Sunday, December 30, 2012

Stories of Cold Wax Painting

My love affair with cold wax painting continues. The pieces I'm doing now are completely experimental and intuitive, which is amazingly fun and occasionally frustrating. I painted last night and transformed my piece quite a few times before I was satisfied. Here it is:


You'd never know it, but this piece has red, blue, burnt sienna, green, yellow, iridescent gold, ochre, celadon, buff, white, and black in it.

Some things I've learned about cold wax painting:

Use colors  you love for the first couple of layers of wax and oil paint--you will likely want to scrape back to them later on.

I work best with large-ish panels so that I can make bolder strokes or excavations.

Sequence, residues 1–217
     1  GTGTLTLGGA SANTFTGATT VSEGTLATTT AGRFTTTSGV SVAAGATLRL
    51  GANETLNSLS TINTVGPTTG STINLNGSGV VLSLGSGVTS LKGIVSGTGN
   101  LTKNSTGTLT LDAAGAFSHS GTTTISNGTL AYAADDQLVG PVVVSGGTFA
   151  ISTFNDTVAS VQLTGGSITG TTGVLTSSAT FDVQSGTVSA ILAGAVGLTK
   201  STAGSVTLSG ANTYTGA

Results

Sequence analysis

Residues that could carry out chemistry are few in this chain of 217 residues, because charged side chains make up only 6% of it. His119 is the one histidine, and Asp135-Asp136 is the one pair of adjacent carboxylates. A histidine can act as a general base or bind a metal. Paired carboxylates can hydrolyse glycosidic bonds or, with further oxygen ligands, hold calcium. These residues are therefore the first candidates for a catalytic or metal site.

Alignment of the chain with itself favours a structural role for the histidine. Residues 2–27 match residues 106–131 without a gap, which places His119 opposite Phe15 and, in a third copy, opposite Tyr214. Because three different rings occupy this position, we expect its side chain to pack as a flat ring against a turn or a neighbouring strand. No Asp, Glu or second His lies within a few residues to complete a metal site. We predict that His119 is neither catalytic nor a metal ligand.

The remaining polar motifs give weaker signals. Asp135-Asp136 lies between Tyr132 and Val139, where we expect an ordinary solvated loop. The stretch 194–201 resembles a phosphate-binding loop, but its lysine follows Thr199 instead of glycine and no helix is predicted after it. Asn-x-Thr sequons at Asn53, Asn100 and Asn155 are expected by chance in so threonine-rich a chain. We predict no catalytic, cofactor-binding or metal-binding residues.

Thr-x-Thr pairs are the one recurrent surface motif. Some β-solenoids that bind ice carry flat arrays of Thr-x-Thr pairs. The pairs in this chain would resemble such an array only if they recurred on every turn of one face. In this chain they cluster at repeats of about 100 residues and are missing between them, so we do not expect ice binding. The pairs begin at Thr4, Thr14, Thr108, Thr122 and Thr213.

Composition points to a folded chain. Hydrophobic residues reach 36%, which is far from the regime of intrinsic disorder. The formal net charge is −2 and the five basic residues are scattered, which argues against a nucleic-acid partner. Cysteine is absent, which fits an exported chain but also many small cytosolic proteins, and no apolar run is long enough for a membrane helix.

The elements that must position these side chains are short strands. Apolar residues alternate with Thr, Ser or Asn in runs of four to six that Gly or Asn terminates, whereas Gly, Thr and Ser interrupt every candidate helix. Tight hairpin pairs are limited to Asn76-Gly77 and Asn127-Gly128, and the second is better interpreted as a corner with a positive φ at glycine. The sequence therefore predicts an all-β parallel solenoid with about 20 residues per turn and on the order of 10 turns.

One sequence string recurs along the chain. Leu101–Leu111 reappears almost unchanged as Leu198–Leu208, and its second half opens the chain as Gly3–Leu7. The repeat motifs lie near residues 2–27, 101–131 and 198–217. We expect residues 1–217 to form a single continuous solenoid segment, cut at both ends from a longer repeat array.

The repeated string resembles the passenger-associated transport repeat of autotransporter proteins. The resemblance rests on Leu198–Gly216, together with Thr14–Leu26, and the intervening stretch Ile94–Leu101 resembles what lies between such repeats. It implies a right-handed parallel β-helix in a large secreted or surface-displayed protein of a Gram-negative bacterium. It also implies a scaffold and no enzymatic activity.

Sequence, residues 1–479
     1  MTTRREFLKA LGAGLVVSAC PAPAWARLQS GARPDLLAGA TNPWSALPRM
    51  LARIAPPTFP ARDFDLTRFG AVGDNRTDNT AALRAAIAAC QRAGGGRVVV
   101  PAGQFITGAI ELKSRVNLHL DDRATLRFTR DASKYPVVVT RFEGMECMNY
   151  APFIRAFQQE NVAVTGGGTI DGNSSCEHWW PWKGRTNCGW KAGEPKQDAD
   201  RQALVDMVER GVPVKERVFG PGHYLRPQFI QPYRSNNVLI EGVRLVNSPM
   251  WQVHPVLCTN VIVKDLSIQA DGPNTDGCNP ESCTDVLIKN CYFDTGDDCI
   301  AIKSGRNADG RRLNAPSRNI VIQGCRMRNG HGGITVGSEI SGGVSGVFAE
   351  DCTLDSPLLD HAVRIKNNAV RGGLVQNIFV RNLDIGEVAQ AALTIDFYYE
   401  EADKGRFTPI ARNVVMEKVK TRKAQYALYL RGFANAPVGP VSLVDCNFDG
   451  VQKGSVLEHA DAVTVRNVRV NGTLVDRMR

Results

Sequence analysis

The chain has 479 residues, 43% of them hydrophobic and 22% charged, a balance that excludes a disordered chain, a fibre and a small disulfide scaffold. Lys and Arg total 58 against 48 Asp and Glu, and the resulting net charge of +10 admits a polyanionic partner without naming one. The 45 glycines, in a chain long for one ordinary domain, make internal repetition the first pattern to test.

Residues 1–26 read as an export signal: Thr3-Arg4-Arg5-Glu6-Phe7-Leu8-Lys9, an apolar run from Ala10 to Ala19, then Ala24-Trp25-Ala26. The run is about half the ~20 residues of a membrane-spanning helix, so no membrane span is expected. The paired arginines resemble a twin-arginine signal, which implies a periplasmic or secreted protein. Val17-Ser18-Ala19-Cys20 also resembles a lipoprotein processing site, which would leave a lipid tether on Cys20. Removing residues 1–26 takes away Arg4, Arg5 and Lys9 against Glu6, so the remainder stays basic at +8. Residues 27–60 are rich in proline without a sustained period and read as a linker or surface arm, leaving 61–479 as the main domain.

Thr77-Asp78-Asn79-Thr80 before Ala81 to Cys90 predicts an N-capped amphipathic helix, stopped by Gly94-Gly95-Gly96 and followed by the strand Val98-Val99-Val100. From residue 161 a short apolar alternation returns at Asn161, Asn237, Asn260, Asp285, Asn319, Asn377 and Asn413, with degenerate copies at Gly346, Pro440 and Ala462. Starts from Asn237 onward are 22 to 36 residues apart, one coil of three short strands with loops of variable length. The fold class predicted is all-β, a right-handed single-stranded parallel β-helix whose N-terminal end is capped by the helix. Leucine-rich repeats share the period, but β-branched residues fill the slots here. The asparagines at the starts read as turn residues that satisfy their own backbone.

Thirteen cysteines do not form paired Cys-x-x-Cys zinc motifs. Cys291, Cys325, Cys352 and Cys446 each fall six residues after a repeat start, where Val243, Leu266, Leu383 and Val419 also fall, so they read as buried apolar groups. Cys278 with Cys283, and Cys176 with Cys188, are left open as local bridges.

Adding texture to the layers as you go will result in interesting texture on the top layer even if the old color doesn't show through.

You can paint wet on wet with a few colors but then it is best (for me, anyway) to let the piece dry before adding more so I don't get mud. I find that translucent colors work best for wet on wet.

I need inspiring music to keep my changes and additions brave enough.  

There are thousands of ways your piece could go at anytime in the process. Just do a lot of pieces and you won't  be overwhelmed.  


I did this piece in the last Art of Life group, my monthly women's art workshop. The group members made me stop at this point and I'm glad they did.

I'll be teaching a class in cold wax called "Baby, It's Cold" at Art and Soul Retreat in Virginia Beach on April 27. I'm looking forward to seeing what the participants come up with.


teri said...

Thank you for your insights on cold wax, Serena. I've been giving cold wax a try recently, but I'm not very good at it. I hope you will teach it in CT this year!

Serena Barton said...

Thanks, Teri. I won't be in CT this coming year,unfortunately :( Hope we will connect somewhere else!

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